Frequently Asked Questions
Babies should be typically shown to a family physician who will be able to perform a medical examination and, if necessary, do hearing tests and imaging tests to distinguish between ear deformity or ear malformation. They will refer the baby to Plastic surgeon.
2. What are syndromal and non-syndromal-associated ear deformities?
Ear deformities may be a result of health syndromes in other parts of the body (chromosomal disorders, Crouzon syndrome) that may cause functional defects in the ears. Non-syndromal (combined external and middle) ear deformities affect only the ear and are not associated with health conditions affecting other organs of the body.
3. What are the complications of ear deformities?
Ear deformities, if left undiagnosed and untreated, can cause psychological problems for those affected. The children may exhibit depression, reduced academic achievement, anxiety, and withdrawal from society with few friends.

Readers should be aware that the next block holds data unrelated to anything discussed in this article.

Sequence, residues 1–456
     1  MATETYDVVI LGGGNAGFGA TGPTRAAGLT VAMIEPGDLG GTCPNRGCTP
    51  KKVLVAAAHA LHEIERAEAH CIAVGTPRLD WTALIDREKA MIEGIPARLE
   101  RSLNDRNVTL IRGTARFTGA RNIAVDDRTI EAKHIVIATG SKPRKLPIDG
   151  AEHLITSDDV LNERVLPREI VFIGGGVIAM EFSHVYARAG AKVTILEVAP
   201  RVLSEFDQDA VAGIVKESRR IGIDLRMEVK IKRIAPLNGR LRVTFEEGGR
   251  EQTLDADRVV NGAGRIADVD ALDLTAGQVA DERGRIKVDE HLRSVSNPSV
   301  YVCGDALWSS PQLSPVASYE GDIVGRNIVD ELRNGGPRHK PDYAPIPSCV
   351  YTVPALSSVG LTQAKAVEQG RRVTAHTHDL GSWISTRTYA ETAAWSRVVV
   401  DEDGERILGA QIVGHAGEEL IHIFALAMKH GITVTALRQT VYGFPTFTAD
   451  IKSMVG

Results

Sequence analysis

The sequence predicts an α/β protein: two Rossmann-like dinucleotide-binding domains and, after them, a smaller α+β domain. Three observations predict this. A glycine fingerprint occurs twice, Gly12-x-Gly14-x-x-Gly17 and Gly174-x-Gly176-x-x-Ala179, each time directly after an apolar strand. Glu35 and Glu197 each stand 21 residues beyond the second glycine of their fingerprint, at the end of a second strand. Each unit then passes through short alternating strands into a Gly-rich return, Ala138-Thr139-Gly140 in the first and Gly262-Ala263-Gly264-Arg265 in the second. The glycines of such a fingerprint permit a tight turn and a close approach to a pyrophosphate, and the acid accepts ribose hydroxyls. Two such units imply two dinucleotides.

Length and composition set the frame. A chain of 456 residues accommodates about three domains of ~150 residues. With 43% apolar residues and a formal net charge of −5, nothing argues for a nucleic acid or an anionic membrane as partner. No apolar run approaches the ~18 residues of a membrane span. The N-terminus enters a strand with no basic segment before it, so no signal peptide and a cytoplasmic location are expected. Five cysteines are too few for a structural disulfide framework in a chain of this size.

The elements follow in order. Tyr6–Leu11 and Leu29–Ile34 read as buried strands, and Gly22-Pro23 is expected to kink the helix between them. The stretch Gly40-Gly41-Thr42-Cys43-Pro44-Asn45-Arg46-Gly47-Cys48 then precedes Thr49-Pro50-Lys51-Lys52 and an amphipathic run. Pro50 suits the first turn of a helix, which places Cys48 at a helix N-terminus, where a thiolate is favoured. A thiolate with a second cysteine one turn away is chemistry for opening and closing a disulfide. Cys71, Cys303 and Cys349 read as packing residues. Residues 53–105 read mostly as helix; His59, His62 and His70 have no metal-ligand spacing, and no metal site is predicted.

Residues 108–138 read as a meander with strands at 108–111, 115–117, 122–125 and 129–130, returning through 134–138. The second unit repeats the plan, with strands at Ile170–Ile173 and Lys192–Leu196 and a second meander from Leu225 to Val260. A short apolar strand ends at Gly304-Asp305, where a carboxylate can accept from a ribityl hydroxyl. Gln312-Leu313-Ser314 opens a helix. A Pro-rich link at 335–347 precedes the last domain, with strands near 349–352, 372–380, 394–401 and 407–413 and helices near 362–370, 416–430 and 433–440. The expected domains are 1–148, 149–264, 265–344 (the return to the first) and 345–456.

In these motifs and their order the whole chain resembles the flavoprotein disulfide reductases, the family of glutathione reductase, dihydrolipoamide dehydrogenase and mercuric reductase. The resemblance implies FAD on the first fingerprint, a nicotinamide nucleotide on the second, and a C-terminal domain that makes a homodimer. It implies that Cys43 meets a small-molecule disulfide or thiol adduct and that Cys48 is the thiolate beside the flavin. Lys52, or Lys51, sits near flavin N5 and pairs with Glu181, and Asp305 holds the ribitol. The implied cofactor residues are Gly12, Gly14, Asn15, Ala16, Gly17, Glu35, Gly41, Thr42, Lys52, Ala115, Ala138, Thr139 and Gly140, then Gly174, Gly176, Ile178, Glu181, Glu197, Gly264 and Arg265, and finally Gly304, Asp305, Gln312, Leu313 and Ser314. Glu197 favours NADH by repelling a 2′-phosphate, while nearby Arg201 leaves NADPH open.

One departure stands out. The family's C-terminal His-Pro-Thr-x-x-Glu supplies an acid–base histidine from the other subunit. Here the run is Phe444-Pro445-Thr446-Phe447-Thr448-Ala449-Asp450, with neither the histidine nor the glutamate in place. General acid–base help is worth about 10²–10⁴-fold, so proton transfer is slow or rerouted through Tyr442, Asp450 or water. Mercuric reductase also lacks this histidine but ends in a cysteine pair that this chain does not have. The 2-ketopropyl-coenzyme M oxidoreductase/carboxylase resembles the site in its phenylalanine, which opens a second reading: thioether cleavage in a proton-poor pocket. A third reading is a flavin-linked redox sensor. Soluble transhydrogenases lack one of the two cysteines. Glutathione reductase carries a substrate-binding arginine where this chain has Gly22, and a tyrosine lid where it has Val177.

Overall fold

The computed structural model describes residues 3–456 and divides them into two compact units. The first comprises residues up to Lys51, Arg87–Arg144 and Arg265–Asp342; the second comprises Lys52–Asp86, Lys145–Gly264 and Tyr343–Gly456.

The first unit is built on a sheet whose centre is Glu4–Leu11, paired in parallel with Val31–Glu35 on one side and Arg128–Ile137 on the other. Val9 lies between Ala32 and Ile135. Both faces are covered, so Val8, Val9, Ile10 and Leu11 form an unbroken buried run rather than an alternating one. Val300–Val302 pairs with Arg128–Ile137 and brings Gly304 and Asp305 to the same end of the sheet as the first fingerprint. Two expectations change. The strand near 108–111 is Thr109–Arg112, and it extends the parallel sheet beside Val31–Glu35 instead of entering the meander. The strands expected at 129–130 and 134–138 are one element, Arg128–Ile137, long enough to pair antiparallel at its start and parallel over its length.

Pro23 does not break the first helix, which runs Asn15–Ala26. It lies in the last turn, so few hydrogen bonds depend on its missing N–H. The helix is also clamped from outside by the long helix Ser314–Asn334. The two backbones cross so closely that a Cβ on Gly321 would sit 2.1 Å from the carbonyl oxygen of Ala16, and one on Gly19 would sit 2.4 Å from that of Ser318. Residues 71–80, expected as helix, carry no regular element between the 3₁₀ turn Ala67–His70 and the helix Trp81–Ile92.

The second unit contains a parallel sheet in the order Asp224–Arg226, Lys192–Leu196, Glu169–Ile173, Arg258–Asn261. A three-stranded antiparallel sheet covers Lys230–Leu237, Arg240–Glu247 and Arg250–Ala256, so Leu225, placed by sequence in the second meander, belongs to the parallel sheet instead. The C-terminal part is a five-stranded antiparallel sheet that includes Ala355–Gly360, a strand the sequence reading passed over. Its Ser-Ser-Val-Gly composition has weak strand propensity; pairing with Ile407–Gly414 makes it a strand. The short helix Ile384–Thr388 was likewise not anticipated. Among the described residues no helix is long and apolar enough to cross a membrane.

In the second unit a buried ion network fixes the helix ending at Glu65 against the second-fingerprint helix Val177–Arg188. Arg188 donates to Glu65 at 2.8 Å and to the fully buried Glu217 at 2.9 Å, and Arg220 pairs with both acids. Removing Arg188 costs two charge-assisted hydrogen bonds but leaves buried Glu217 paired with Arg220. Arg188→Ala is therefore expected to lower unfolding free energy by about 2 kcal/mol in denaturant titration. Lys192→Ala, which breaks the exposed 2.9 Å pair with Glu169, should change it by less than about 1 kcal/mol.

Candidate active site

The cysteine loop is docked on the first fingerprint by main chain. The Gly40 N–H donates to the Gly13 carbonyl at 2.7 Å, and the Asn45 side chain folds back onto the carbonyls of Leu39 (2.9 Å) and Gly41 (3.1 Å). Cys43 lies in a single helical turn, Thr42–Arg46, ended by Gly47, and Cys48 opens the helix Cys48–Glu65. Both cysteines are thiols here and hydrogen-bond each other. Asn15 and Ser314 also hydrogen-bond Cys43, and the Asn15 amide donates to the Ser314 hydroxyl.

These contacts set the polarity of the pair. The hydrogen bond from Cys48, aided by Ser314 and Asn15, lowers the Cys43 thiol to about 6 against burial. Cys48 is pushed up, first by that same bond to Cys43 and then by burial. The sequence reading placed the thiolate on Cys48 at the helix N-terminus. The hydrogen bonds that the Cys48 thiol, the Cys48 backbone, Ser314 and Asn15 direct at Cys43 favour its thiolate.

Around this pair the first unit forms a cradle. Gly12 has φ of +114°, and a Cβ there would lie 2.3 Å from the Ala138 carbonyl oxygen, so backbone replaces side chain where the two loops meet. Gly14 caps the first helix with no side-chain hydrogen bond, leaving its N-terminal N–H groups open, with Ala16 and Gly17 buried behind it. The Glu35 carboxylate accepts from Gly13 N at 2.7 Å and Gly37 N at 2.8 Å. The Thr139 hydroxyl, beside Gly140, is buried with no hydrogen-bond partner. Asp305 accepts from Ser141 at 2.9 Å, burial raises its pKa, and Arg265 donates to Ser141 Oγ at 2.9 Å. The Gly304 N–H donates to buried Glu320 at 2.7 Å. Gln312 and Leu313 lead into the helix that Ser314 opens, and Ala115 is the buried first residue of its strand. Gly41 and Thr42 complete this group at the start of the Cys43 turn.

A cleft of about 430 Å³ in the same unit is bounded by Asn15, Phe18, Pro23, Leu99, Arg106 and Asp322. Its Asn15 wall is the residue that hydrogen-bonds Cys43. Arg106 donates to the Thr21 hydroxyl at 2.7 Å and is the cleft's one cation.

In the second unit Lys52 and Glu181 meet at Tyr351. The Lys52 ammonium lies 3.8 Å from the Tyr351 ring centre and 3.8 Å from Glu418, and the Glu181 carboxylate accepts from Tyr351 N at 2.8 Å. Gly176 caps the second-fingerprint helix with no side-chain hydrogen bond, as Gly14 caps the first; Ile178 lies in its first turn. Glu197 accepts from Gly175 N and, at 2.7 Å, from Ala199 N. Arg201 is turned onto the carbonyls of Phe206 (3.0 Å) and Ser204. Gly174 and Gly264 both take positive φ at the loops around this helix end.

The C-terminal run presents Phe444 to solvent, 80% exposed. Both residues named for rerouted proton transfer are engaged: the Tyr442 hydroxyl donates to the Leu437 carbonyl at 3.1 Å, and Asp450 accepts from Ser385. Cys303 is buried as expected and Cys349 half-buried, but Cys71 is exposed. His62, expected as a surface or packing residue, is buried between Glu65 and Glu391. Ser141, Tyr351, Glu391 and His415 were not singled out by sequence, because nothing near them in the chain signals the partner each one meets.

Cleft palate, increased growth of the adenoid glands, septal deviation, are some features that, if present, could be challenging to successful surgery.
5. What is bilateral atresia auris congenita?
Bilateral atresia auris congenita is the medical term to indicate combined external and middle ear malformations in both ears. In such cases, the internal ear is normal in function.
6. Does the presence of an earlobe crease indicate heart disease?
Ear malformations may result or may be a symptom of an underlying disorder or syndrome that may affect organs, such as the heart, kidneys, the spine, or the brain.